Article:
31st October 2019
For many of my well-travelled team the morning views of the 5047m Mount Kazbegi and the 400m ascent to the Gergeti Church from our hotel in the town of Stepantsminda below has been the highlight of this fast-paced tour across the Caucasus
But there have been many highlights over the past 10 days. In Baku, having seen the petroglyphs of Gobustan in the morning, we gazed in wonder at the Heydar Aliyev Building as the sun set. Designed by ¨Queen of the Curve¨ Zaha Hadid it was hard to take our eyes off it even to view an incredible outdoor expedition by National Geographic Iranian French Photographer Reza Deghati, that graced the steps leading down to the city center.
Heading west we explored the picturesque mountain village of Lahic en route to Sheki, our base for two nights. Having admired the wonderful intricacies of the craftsmanship in the Khan´s Palace we travelled by ancient Lada taxi up to the 12th Century church in Kis. Here 2 meter plus skeletons from the bronze age lay in rest under glass in the graveyard.
Crossing the border near Lagodekhi into Georgia, it was not long before we were enjoying true Georgian hospitality in the garden of a local family. Mountains of Khachapuri (cheese bread) were laid out on our table as Alex our guide toasted our arrival with excellent Georgian amber wine.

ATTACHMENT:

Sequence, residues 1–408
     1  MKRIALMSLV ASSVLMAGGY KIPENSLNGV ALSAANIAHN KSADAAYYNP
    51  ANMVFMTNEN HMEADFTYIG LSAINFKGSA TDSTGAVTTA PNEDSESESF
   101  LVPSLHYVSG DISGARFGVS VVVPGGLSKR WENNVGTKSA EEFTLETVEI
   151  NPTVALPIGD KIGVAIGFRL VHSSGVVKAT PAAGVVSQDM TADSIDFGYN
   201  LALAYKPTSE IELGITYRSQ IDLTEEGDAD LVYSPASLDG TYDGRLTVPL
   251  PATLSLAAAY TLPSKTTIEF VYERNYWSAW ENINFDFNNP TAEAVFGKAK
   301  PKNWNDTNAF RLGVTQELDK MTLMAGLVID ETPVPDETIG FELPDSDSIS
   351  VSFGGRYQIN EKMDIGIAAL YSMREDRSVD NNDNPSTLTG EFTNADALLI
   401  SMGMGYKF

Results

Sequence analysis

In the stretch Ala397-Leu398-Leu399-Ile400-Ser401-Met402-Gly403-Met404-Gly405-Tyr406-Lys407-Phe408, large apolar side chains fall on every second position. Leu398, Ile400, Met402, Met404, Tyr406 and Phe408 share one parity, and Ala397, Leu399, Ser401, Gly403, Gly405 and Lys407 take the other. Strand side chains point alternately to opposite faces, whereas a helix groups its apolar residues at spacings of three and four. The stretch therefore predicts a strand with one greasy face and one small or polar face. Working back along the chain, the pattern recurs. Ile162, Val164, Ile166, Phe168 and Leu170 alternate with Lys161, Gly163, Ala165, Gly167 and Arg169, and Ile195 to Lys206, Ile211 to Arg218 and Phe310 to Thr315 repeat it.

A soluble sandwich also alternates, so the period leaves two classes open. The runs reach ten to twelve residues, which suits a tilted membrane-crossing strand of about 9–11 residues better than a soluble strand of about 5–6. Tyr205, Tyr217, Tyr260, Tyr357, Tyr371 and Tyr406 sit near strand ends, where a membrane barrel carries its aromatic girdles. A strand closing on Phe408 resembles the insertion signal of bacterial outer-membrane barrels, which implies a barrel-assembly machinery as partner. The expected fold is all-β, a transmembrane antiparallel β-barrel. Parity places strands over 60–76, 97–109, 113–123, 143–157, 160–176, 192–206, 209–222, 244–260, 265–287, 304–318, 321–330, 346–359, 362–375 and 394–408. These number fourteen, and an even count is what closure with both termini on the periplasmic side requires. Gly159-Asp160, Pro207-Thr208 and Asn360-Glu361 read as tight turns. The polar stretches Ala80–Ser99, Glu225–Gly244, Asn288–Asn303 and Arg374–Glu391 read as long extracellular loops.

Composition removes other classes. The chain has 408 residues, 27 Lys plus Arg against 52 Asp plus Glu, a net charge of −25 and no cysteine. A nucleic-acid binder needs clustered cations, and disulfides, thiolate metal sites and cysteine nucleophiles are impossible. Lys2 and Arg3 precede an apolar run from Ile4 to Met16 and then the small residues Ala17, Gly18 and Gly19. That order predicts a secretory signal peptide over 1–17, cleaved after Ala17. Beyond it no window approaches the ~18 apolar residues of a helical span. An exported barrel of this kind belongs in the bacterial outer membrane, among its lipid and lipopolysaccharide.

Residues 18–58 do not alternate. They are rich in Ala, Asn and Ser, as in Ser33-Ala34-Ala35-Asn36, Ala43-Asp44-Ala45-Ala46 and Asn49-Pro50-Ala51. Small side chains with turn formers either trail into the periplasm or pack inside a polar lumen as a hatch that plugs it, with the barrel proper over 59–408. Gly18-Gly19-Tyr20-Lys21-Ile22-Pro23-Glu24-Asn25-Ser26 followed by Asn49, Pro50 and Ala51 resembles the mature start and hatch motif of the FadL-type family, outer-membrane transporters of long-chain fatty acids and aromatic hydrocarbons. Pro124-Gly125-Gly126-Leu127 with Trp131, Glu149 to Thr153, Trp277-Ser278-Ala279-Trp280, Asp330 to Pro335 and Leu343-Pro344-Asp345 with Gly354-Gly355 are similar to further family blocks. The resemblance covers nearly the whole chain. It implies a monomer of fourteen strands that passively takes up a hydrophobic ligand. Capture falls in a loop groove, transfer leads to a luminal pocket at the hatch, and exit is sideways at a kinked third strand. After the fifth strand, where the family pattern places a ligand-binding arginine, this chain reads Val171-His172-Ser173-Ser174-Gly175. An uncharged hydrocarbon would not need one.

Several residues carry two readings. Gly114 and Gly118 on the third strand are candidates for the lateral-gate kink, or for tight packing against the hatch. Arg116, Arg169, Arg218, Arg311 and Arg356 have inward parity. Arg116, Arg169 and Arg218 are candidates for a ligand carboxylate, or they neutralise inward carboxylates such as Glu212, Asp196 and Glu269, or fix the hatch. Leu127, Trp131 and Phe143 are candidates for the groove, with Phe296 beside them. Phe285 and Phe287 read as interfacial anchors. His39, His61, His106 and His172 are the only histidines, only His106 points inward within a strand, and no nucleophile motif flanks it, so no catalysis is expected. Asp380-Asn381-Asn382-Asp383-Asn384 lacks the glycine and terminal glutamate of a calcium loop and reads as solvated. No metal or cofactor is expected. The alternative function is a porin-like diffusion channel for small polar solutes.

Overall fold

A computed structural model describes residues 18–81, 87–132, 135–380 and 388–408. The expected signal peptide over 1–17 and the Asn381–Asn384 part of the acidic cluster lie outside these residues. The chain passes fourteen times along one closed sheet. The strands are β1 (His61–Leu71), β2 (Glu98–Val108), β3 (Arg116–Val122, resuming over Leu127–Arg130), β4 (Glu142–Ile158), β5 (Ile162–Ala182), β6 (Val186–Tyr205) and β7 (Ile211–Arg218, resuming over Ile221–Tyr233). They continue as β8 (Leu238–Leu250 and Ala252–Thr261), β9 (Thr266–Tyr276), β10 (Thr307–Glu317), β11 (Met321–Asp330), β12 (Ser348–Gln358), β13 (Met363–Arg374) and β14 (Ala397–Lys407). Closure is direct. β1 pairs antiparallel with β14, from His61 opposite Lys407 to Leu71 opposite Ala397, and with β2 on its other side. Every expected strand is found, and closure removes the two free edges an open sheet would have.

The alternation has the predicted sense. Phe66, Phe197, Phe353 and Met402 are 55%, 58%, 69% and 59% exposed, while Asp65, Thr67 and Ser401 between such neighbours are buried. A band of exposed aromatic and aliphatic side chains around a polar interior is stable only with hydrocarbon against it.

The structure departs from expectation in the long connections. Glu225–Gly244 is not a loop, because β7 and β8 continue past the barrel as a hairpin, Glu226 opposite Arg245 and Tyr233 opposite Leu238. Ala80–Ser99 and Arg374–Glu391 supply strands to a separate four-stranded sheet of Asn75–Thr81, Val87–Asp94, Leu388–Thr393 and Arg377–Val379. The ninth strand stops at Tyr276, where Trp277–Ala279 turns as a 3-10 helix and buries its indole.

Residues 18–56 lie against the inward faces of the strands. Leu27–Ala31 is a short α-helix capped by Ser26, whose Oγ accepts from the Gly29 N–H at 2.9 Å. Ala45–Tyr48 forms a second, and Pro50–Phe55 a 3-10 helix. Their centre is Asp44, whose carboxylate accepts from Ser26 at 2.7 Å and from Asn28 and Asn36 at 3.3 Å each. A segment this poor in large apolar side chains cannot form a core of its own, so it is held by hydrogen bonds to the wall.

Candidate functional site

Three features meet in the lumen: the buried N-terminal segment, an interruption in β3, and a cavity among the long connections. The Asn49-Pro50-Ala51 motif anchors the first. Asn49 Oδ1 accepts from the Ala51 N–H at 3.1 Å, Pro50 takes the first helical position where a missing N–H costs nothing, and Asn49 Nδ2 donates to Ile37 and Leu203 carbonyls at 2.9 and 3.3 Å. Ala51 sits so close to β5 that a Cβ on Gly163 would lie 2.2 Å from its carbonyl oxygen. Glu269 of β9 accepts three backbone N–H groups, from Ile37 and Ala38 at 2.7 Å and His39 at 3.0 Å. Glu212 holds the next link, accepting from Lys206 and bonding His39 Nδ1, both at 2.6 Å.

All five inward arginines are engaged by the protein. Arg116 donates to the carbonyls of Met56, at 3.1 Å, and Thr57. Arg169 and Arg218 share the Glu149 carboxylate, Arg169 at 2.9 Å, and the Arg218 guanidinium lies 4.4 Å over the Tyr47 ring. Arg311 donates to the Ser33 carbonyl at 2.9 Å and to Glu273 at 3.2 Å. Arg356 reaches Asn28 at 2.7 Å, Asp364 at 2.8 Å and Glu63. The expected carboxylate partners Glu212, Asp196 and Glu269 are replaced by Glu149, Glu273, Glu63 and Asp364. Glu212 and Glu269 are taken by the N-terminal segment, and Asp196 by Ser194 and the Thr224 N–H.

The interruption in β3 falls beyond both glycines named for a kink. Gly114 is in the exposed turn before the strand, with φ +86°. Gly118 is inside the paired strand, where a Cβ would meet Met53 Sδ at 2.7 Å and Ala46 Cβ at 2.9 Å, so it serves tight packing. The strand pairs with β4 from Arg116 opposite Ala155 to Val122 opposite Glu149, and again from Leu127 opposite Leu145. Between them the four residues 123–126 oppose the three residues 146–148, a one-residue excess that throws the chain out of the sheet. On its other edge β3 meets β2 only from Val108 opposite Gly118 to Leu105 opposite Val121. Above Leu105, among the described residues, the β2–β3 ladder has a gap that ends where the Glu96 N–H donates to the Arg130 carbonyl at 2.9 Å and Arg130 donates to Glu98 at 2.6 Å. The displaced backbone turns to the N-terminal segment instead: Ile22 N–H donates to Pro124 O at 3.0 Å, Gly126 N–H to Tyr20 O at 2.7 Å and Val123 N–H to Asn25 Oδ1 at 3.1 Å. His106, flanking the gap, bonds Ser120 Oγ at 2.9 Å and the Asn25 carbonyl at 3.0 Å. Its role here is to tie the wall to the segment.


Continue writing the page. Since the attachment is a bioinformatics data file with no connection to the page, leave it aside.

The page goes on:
Via Telavi and the hilltop town of Signaghi, we took a short detour into the capital Tbilisi to visit the National Museum. The Archaeological Treasury cannot be missed; a tortoiseshell necklace fashioned long before the birth of Christ and a 4500 year-old one-inch high lion sparkle in a room of scintillating golden exhibits. But a full afternoon there would hardly be enough. It was not easy rounding up the team from the Soviet Occupation Hall and the display of Roman mosaics.
The infamous town of Gori was next up, birthplace of Josef Jughashvili, aka Stalin
We had been well warned what to expect at our hotel, the Victoria, but it is a lodging not to be missed. It is caught in a time-warp pre-Perestroika, and I was not surprised that plugging in the bedside lamp blew everything in the room. Head torches are handy in Gori.
We joined another WF tour the following morning at the Stalin museum. While Nadia the guide was extolling the virtues of the Great Leader, we dutifully followed from the exhibition halls to hut and birthplace that his shoemaker father once rented and on to the railway carriage used for his visit to Yalta.
The picture displays, artifacts and gifts from foreign leaders were all fascinating but we did note that the banner which apparently once hung over the entrance, ´This museum is a falsification of history` has now been removed.
We have four more days to explore the region and we travel south tomorrow to the border.
Neighbour Armenia has two very hard acts to follow.